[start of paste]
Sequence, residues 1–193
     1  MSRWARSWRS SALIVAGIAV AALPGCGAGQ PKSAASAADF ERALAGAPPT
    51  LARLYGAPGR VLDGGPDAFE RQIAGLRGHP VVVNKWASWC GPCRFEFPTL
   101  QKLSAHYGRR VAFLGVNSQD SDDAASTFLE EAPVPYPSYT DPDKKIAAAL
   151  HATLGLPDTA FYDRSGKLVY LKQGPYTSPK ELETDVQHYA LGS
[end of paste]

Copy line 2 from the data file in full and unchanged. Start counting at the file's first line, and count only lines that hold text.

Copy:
     1  MSRWARSWRS SALIVAGIAV AALPGCGAGQ PKSAASAADF ERALAGAPPT